Thanks to geotags and GPS coordinates, your innocent photo posts could make you a victim to the latest cyber stalking crime
By Kate Ashford
Bonnie Russell was having lunch with a friend in a pub near Detroit when she got a wake-up call—one that actually came on her cell. A few minutes earlier, she had used the phone to snap a photo of her lunchtime combo: "A lot of seriously unhealthy fried crap" she called it when she posted it on Twitter with the wry title "Lunch of champions." She received a tweet back from a total stranger who had found her public Twitter feed and used it to track down the neighborhood where she was having lunch at that very moment.
Lucky for Bonnie, the stranger was information security engineer Ben Jackson, cofounder of ICanStalkU.com, a watchdog website that alerts Twitter users about the dangers of geotags. Bonnie, 40, was shocked—she works in digital marketing and considers herself a pretty educated user of technology. "I'm very concerned with what kind of data I share with the public," she says. "And I thought I had disabled any functions on my phone and Twitter that might broadcast my location."
Well, she thought wrong. Geotags are GPS coordinates that can be added to digital files—most commonly photos—and used to pinpoint your location by as close as a 10-foot radius. Many GPS enabled smartphones embed these tags in photographs automatically, and you don't even know they're there. But once you share those photos, someone else can find out where you are...or aren't.
Sometimes that's a good thing: GPS technology was developed by the military to find soldiers who were lost in battle, and it allows 911 operators to locate callers and send help—that's why every cell phone made after January 1, 2006, is required by law to be GPS enabled. But experts have become concerned that geotags could be used for more sinister purposes.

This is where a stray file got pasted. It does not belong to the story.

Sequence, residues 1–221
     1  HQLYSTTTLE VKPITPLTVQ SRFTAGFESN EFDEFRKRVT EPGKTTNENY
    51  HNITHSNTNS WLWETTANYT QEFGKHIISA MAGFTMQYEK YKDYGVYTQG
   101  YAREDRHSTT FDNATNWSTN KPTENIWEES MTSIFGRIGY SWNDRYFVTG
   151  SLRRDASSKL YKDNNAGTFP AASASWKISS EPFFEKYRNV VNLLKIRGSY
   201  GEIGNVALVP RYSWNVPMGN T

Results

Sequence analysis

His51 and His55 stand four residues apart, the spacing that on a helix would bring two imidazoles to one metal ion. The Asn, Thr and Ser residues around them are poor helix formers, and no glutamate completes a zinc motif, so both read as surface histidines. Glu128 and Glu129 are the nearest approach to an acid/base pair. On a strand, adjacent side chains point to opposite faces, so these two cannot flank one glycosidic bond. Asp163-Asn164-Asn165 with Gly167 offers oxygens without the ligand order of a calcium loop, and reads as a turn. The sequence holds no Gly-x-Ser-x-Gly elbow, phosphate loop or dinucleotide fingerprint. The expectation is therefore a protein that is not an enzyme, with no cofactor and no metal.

Already there has been an uptick in other types of social-network related crime. Last March, for instance, the house of an Indiana woman was robbed after she updated her Facebook status to say that she and her fiance were going out for the night. In September, New Hampshire police busted a burglary ring that targeted people based on the locations they posted on their profiles. And a recent Justice Department report found that a quarter of stalking cases in the United States involve cyber stalking, and one in 13 victims reported that GPS technology or another version of electronic monitoring was used. (Forty-seven states have now made it illegal to stalk or harass using electronic forms of communication.)
In extreme cases, women have been stalked via their GPS-enabled mobile phones. That's what happened to Louise,* 32, from New Mexico, who discovered that an abusive ex-boyfriend was tracking her via her cell phone. "His car was showing up everywhere I went," she says. This type of cyber stalking is usually done via phone, by someone the victim knows—maybe an ex or a roommate. But it is possible to track someone via cell phone remotely, without ever meeting them, if you're technologically savvy. There are even apps that will turn a cell phone into a James Bond-like spy device, allowing hackers to hear your conversations, read your texts, and generally ride along as you live your life.